We've all heard the saying, 'Curiosity killed the cat." But where would we be without a sense of curiosity?
Most of the breakthrough discoveries and remarkable inventions throughout history, from flints for starting a fire to self-driving cars, have something in common: They are the result of curiosity.
Living a life of curiosity allows you to explore and experiment. It leads you to try new things and meet amazing people in unusual places, creating opportunities for incredible things to happen. That’s because curiosity — a state of active interest or genuinely wanting to know more about something — creates an openness to unfamiliar experiences, laying the groundwork for greater opportunities to experience discovery and delight.
Living a curious life doesn't require extraordinary measures. Curiosity is something that can be nurtured and developed. With practice, we can harness the power of curiosity to transform everyday tasks into interesting and enjoyable experiences. Embracing curiosity as part of your daily routine, enriches and enlivens what could otherwise be a mundane trudge through the rigors of day-to-day life.
Here are 14 tips on how to stretch that curiosity muscle and cultivate an inquiring mind
1. Change your routine. Routine is the death of curiosity; so change it up. Even one alteration, such as leaving the office for lunch, can be a positive disruptor that brings new ideas. Besides getting some fresh air, who knows what opportunities you might bump into.
2. Ask “What about?” Being curious is like being an investigative journalist, delving into a topic by asking questions. And it all starts with one simple question, What about? . . . What about going to this event instead of doing the same old thing? What about randomly turning left instead of continuing to go straight down this road. Asking What about? can unlock opportunities by exploring questions that we never thought to ask before.
3. Say "Yes," more than you say "No." Yes is a tiny word that can do big things. Say it often.” A yes will always give you more than a no. A no is guaranteed failure. Nothing is ever stagnant, so a no is usually backward progress. Sure, there is no risk in a no… but there’s no fun in it either. Saying yes can be very fun! Say yes to life and watch as life says yes to you.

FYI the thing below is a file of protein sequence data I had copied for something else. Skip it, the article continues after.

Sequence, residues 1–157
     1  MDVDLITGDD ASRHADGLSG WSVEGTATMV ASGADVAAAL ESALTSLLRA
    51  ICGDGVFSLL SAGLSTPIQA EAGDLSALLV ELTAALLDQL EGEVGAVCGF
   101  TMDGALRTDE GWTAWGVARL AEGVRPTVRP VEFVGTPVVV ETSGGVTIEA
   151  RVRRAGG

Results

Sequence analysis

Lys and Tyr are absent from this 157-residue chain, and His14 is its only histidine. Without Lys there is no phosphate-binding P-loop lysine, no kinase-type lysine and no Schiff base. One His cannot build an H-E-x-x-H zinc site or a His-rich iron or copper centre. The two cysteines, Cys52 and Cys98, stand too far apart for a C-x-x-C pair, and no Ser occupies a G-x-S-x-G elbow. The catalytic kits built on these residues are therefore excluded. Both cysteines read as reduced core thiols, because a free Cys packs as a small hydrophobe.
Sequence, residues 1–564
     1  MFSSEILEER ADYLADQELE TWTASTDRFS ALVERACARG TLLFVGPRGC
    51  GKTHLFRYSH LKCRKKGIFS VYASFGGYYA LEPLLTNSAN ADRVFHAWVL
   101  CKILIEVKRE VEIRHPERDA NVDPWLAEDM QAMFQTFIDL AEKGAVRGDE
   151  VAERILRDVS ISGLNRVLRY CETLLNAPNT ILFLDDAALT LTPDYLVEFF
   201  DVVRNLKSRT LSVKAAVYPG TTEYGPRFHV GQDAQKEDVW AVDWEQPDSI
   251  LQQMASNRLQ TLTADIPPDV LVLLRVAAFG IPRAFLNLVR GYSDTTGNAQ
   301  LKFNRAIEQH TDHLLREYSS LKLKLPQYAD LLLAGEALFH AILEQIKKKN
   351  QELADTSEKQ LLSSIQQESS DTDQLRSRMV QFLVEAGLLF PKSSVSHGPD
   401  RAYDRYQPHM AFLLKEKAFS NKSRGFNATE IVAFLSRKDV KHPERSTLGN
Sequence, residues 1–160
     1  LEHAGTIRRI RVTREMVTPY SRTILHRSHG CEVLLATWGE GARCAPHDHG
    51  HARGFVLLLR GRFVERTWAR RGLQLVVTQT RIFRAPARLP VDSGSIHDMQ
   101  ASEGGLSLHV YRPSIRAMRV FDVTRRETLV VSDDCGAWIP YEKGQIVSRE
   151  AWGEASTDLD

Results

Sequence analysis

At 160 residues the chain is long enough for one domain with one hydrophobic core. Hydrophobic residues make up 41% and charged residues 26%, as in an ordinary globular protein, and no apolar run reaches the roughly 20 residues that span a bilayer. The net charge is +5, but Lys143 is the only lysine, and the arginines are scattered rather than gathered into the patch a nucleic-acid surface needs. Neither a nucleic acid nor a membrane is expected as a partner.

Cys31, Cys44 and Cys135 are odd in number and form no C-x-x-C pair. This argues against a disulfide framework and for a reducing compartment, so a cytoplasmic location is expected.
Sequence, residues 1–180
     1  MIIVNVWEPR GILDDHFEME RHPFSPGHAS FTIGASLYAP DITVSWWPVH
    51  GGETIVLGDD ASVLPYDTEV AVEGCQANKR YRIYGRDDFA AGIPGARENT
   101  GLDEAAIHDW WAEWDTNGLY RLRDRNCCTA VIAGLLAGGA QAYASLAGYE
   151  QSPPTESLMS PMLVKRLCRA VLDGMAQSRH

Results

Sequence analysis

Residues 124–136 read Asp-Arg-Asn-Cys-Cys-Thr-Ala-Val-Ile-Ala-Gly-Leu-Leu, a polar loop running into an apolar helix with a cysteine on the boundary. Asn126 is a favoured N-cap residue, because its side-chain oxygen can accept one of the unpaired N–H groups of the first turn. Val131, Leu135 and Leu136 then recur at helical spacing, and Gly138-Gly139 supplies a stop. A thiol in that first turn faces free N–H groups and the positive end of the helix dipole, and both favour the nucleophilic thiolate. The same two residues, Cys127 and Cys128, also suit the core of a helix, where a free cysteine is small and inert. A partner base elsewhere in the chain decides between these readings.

4. Be spontaneous. Give yourself permission to ditch your to-do list and follow what your gut wants to do. Got an urge to see a play at the last minute -- go for it! Hearing the call of nature -- answer it! After all, some of the best times in life are usually unplanned and completely random. I once decided to stay after an event at the Kennedy Center to see what the red carpet event they were having was all about. Turned out, it was the night of the Kennedy Center Honors, so I got to meet some awesome, veteran red carpet watchers, learned some dishy gossip from KC staff, and got to meet some celebrities. Being curious definitely paid off in this instance!
5. Pay attention to what's around you. A photographer gave me the best advice I've gotten: Change your perspective. This applies to life in general, too. Being curious is about noticing what’s around you. So whether you're looking through a camera lens or not, pay attention to what’s happening all around you — you might spot something new in a street you walk down every day and make an exciting discovery!
6. Talk to strangers. Some of the best conversations I've had have been with people I met randomly on flights, the Metro, and museums, etc. Uber and Lyft are also great places to strike up a chat. Besides getting recommendations for places to go and things to do, these conversations can be insightful, sparking your curiosity to learn more about something new or already thought you knew.